week`s dry food ration was calculated and pre-weighed
based on the recorded body weight of each animal.
Samples and microbial analysis
Feces collection was done twice (8 Am and 8
Pm) a day over an examination period (0, 2, 3, 4, 5, 6)
and ten days before starting the examination. About 10
grams of stool sample of each dog were collected into a
sterile plastic bag and 90 ml of Coliform medium was
added to make 10
5
dilutions. Ten milliliters of mixture
were transferred into a sterile plate with Nutrient agar
and then was inoculated in 37 C for 24 h. The colonies
on plates with 30 to 300 colonies were counted.
Results and Discussion
In the present study the total number of aerobic
microorganisms per each gram of feces on the 1
st
day
was measured as the following: 73.410
5
in the
control group (Group - 1), 77.610
5
in the 1
st
sub
treatment group (Group - 2) and 80.110
5
in the
(Group - 3) 2
nd
sub treatment group. Following the
study, the number of aerobic microorganisms of the
feces in the 1
st
sub treatment group decreased gradually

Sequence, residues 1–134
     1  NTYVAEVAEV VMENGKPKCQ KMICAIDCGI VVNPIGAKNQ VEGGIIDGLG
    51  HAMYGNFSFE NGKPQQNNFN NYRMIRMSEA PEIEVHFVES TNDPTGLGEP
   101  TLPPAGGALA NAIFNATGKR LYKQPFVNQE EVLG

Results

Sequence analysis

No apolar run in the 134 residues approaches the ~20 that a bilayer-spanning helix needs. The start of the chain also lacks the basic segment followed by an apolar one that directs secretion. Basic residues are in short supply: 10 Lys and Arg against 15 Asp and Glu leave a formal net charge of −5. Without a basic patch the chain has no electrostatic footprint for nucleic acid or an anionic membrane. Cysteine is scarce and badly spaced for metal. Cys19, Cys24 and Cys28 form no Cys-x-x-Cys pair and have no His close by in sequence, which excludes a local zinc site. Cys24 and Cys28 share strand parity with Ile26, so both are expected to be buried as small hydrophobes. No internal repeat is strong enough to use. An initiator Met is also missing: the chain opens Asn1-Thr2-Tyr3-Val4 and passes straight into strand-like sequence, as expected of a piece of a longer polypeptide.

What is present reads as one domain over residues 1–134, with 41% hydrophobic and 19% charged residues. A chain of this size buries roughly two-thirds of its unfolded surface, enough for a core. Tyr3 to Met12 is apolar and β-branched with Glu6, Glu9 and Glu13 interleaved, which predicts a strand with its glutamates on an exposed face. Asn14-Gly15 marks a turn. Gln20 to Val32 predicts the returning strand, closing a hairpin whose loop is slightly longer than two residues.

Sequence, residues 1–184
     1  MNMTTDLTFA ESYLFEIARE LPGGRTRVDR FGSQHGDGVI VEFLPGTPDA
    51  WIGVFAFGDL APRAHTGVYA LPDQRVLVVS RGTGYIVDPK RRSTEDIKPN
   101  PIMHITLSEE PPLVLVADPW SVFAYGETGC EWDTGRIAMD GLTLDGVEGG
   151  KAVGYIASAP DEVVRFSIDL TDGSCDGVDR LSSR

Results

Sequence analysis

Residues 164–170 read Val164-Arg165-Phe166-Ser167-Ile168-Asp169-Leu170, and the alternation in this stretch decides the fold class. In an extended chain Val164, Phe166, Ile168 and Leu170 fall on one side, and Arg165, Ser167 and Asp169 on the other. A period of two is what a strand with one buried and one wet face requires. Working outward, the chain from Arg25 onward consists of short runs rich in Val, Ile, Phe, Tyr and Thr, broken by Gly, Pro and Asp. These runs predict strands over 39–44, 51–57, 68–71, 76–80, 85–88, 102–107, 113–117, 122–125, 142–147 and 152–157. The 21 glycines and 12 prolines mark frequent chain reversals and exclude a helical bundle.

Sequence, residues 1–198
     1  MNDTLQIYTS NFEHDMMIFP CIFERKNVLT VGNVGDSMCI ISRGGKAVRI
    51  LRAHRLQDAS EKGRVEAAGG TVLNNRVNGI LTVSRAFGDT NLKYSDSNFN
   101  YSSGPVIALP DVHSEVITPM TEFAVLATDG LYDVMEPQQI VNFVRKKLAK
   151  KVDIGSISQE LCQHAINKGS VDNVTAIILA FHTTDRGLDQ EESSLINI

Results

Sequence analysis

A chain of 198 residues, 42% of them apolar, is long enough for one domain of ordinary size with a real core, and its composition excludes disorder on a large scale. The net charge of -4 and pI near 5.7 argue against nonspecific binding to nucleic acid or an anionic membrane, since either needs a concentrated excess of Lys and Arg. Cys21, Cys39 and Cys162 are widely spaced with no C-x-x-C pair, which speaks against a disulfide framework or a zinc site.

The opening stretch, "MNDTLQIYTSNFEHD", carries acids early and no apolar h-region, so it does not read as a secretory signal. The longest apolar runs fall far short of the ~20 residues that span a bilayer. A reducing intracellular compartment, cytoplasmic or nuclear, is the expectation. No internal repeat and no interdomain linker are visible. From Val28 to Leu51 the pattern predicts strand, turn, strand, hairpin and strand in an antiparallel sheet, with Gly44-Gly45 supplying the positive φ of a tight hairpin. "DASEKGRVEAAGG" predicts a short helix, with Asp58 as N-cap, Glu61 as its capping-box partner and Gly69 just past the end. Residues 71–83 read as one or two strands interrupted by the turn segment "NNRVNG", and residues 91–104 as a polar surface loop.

and reached 36.110
5
bacteria per 1 gram of feces on
the 6
th
day, which showed a significant difference with
the first day (P<0.05). The average aerobic micro-
organisms of the faeces in the 2
nd
sub treatment group
increased gradually and reached 172.510
5
bacteria
per 1 gram of faeces on the last day. In this group, there
was also a significant difference (P<0.05) between
the number of bacteria on the first day and other
days of the study. Other signs and changes intensified
on 5
th
and 6
th
days of the study. The results of Coliform
count for each group are summarized in Table -1.
Probiotic therapy is becoming increasingly
popular in veterinary medicine; however, few results
from objective research are available, particularly for
dogs and cats. Therefore, this study was conducted
as the rst case-control study evaluating the effect
of probiotics in the prevention of food poisoning and
bacterial diarrhea in Persian shepherd dogs in Iran.
The results of the study showed that probiotics
have an effective role in the decrease of digestive
problems in a way that their addition to the diet of
the 1
st
sub-treatment group significantly decreased
the occurrence of food poisoning in this group. This
result is similar to a recent report from human in
USA that showed probiotics are effective in the
prevention and treatment of a diverse spectrum of